As we discuss, the lengthy NPRM suggests answers to some questions, but it of course also raises other questions.  Although domestic and even foreign government agencies will have generally broad access to the BOI database, assuming that they satisfy various requirements, the NPRM’s proposed access for FIs to the BOI database is relatively limited.

Continue Reading  Privacy, Cybersecurity and Access to Beneficial Ownership Information:  FinCEN Issues Notice of Proposed Regulations Under the Corporate Transparency Act

On December 15, 2022, the New York Department of Financial Services (“NYDFS”) published an Industry Letter detailing the Department’s guidance regarding banking organizations that wish to engage in virtual currency-related activities. Specifically, while the guidance reminds New York banking organizations, branches, and agencies of foreign banking organizations licensed by the Department (together, “Covered Institutions”) of the preexisting obligation to seek approval from the Department before engaging in new or significantly different virtual currency-related activity, the guidance describes the process and types of information that the Department considers relevant to its approval process.  The guidance is effective as of December 15, 2022, and was accompanied by a press release from NYDFS’ Superintendent Adrienne A. Harris.

For the purposes of the Industry Letter, “virtual currency-related activity” includes “all ‘virtual currency business activity,’ as that term is defined in 23 NYCRR § 200.2(q), as well as the direct or indirect offering or performance of any other product, service, or activity involving virtual currency that may raise safety and soundness concerns for the Covered Institution or that may expose New York customers of the Covered Institution or other users of the product or service to risk of harm.”  As we will discuss, any Covered Institution seeking NYDFS approval should focus in part on addressing the Bank Secrecy Act (“BSA”)/Anti-Money Laundering (“AML”) and Office of Foreign Asset Control (“OFAC”)-related risks posed by the virtual currency-related activity.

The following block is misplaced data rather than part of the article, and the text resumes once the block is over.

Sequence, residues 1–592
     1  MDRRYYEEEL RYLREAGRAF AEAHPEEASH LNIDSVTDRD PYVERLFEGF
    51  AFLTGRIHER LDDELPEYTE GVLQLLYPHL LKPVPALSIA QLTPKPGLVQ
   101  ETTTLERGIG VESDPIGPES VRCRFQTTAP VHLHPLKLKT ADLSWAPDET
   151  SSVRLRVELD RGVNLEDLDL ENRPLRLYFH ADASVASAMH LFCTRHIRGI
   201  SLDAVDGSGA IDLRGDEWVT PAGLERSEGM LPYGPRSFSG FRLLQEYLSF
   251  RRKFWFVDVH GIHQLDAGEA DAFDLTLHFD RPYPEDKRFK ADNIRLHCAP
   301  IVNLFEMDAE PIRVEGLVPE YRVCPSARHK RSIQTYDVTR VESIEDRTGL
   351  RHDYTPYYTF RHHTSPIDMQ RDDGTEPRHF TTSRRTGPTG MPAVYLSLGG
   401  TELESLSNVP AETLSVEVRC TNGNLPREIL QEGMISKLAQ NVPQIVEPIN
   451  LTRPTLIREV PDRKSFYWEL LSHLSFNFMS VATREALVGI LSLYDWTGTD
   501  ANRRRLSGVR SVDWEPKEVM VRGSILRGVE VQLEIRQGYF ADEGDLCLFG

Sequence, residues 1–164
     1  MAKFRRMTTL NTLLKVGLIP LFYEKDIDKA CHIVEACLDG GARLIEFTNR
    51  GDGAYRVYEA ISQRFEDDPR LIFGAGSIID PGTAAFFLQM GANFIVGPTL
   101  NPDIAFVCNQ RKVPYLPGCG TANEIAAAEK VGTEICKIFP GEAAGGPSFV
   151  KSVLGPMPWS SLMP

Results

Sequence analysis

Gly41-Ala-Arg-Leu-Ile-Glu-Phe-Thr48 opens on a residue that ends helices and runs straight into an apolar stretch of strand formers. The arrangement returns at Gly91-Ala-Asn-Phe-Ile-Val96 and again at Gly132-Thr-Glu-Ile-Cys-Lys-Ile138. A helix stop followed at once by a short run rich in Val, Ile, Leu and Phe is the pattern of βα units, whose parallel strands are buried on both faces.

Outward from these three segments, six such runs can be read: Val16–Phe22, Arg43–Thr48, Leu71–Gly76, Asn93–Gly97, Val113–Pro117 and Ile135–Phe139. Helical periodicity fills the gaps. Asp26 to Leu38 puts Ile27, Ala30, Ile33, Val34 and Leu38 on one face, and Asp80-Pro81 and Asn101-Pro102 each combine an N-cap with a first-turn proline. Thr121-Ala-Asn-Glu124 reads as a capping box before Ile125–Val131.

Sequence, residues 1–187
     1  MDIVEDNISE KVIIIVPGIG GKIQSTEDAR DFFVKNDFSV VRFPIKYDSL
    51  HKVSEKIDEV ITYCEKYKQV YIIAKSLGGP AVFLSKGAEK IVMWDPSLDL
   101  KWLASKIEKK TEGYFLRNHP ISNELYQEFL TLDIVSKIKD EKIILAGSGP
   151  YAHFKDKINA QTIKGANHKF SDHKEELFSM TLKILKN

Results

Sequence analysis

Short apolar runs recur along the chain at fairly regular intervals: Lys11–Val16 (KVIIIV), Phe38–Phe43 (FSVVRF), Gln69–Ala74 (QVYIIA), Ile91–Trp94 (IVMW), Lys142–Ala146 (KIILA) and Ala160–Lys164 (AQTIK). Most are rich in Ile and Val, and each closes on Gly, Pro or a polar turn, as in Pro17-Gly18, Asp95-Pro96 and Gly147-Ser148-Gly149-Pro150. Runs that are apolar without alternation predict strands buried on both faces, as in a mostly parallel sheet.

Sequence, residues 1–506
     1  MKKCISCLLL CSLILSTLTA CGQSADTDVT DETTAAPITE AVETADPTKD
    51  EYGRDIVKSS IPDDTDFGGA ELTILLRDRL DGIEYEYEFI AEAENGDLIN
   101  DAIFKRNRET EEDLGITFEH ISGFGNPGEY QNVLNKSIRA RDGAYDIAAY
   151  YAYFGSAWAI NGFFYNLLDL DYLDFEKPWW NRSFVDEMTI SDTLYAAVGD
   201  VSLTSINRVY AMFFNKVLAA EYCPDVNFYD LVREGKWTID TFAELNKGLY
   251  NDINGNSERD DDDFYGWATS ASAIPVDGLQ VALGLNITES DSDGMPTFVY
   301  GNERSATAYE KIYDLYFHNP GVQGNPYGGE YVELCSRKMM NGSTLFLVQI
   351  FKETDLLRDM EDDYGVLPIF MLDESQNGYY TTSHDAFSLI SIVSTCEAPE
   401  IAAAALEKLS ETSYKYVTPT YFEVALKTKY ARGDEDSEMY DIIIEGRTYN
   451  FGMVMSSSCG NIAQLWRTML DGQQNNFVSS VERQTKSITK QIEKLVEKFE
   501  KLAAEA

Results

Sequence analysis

Continue Reading  NYDFS Releases Virtual Currency Guidance for Banking Organizations

Ruling Could Influence FinCEN in Forthcoming Regulations Under the CTA

On November 22nd, an appeals court in Luxembourg issued a decision that highlights the tensions between anti-money laundering (“AML”) goals and privacy concerns, and could impact impending beneficial ownership regulations to be issued under the U.S. Corporate Transparency Act (“CTA”).  Specifically, the appeals court decided that the general public’s access to beneficial ownership information (“BOI”) interfered with the fundamental right of privacy granted under the Charter of Fundamental Rights of the European Union (“EU”).

Continue Reading  European Court Puts the Brakes on AML Directive:  Public Access to Beneficial Ownership Database Violates European Privacy Laws